As I did this, I kept going to the program’s outpatient meetings, high on crystal meth, but ready to make a change. I was going to do anything I could so as not to end up homeless, or a lifetime prisoner. I had no idea how to stop doing the one thing that had been constant in my life since the age of 15, but I was determined to find out.

When I showed up at the sober-living facility that was to be the place where I got sober, I was so high I couldn’t face the intake staff. I wore sunglasses indoors at 6 PM. My bags were searched, I was shown to my room, and the rest of my life began.

I wasn’t happy to be sober, but I was happier doing what these people told me than I was fighting the cops, the legal system, and the drugs. I had quite a few missteps, but I took my punishments without a word, knowing they were nothing compared to the suffering I’d experience if I left that place.

Overall, I have one message to those struggling with getting clean:

If you want to get past the hump of knowing you have a problem but not knowing what to do about it, the choice has to be made clear. This can’t be a game of subtle changes. No one wants to stop using if the alternative doesn’t seem a whole lot better. For most of us, that means hitting a bottom so low that I can’t be ignored. You get to make the choice of what the bottom will be for you.

You don’t have to almost die, but you might; losing a job could be enough, but if you miss that sign, the next could be the streets; losing your spouse will sometimes do it, but if not, losing your shared custody will hurt even more.

At each one of these steps, you get to make a choice – Do I want things to get worse or not?

Ask yourself that question while looking at the price you’ve paid up to now. If you’re willing to go even lower for that next hit, I say go for it. If you think you want to stop but can’t seem to really grasp just how far you’ve gone, get a friend you trust, a non-using friend, and have them tell you how they see the path your life has taken.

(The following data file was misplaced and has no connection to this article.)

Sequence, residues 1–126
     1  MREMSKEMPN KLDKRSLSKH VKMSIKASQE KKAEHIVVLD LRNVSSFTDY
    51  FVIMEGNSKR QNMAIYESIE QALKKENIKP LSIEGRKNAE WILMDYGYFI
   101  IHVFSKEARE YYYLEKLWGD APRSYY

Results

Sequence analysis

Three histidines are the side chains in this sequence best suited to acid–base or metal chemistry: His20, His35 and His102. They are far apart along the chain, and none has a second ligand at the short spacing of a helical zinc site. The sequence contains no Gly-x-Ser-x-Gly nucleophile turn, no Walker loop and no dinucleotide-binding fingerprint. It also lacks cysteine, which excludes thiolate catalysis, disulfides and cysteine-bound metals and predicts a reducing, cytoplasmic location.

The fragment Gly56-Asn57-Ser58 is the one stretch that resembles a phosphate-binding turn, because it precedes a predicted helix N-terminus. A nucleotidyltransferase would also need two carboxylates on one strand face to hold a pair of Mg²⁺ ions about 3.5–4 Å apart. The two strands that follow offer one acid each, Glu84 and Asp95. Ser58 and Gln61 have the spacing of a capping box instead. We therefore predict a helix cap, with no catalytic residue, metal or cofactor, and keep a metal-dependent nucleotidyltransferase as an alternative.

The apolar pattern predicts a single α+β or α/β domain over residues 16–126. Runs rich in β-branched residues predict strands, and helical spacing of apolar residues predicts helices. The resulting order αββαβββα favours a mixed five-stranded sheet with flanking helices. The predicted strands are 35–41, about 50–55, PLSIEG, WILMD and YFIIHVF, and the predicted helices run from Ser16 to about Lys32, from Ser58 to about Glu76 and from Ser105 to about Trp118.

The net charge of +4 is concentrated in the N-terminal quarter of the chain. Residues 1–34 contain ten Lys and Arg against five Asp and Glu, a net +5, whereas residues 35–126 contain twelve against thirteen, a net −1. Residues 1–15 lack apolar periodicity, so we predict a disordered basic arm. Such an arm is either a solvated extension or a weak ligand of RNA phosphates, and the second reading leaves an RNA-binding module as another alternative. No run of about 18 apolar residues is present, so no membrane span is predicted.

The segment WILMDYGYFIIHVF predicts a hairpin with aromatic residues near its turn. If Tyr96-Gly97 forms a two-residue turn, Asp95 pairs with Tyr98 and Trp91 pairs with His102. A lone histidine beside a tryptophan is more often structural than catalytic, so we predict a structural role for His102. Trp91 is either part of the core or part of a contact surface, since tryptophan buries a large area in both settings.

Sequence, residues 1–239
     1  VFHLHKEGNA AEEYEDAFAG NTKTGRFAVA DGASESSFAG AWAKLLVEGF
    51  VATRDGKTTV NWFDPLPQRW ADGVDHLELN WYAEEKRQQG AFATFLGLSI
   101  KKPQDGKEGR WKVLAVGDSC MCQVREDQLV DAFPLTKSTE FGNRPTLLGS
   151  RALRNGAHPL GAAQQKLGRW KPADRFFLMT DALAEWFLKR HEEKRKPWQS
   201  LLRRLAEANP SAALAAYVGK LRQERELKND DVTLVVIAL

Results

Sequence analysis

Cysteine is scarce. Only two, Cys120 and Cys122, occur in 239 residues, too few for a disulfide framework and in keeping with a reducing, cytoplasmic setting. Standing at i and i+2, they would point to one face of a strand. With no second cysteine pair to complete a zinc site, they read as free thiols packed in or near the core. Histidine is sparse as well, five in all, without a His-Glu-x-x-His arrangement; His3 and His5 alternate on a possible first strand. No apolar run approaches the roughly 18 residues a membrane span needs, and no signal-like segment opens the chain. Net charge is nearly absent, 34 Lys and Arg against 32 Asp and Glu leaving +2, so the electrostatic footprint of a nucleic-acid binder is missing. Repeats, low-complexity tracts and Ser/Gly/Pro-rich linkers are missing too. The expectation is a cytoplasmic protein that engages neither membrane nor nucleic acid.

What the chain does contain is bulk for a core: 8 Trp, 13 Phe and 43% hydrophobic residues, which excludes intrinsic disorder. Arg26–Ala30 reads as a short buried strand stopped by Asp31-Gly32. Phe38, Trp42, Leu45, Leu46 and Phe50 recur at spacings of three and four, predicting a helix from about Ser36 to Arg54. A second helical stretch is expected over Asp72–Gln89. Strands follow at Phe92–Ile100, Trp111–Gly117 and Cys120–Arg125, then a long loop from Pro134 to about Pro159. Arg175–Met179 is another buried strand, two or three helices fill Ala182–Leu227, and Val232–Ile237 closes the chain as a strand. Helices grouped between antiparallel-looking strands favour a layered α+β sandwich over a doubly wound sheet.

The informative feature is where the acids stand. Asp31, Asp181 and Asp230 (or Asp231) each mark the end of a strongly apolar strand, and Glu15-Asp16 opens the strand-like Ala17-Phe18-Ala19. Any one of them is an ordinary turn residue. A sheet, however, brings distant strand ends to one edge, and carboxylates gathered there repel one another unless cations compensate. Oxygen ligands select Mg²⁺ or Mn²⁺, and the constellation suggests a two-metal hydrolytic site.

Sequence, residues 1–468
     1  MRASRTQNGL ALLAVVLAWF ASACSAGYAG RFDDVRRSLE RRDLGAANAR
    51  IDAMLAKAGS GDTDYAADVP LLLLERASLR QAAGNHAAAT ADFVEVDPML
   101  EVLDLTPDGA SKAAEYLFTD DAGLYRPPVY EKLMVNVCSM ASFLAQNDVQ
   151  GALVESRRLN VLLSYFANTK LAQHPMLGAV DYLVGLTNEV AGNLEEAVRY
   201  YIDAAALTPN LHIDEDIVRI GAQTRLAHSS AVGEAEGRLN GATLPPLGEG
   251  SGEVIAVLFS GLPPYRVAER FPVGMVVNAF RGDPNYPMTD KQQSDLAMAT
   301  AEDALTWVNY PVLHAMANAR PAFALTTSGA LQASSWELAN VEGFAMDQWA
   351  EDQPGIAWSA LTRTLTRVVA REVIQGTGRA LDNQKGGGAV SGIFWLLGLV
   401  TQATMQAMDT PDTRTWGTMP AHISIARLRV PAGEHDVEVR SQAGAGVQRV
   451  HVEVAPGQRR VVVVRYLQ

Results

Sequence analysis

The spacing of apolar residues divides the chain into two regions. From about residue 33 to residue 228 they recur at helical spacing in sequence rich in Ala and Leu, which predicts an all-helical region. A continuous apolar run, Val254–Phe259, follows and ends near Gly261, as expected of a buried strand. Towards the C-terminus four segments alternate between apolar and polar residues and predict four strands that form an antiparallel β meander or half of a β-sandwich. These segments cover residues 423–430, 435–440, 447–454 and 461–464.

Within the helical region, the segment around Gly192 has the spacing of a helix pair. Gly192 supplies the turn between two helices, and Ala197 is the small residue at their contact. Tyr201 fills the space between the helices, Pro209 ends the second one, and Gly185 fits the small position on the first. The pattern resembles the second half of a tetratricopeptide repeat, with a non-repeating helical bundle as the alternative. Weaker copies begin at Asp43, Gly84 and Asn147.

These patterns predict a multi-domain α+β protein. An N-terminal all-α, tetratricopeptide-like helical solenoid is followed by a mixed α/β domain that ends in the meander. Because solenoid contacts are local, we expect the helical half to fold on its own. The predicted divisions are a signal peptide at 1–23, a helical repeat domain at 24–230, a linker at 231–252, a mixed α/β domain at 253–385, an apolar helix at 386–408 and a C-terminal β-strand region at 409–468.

It’s going to take a fight to get out, but if I beat my addiction, you can beat yours.

By now, I’ve received my Ph.D. from UCLA, one of the top universities in the world. I study addiction research, and publish this addiction blog along with a Psychology Today column and a number of academic journals. I also have my mind set on changing the way our society deals with drug abuse and addiction. Given everything I’ve accomplished by now, the choice should have seemed clear before my arrest – but it wasn’t. I hope that by sharing addiction stories, including mine, we can start that process.

Harm reduction – Why the bad press for addiction treatment that works?!

condoms can help protect again STDs

How many of you think that giving a crystal meth user condoms will increase their drug use? Probably not many. What if instead the question had to do with giving that same user clean needles rather than having them share a dirty one? Or having him reduce his drug use instead of stopping completely? I bet there would be a little more disagreement there.

Some of you may have heard of the harm-reduction approach to drug abuse counseling and treatment, but many of you likely haven’t because the term itself is essentially taboo in the United States. The idea is to approach the patient (or client) without the shaming or expectations of abstinence that normally come with drug treatment. Instead, the counselors hope to reduce as much of the negative things associated with the drug use.

For example, almost all drug injecting users end up with hepatitis C due to dirty-needle sharing. As in the above example, harm reduction practitioners would seek to provide users with clean needles, thereby reducing needle sharing and the transmission of disease. Risky sexual behavior is often associated with methamphetamine, and crack use; instead of targeting the use itself, often, interventions attempt to reduce unprotected sex, reducing HIV transmission in the process.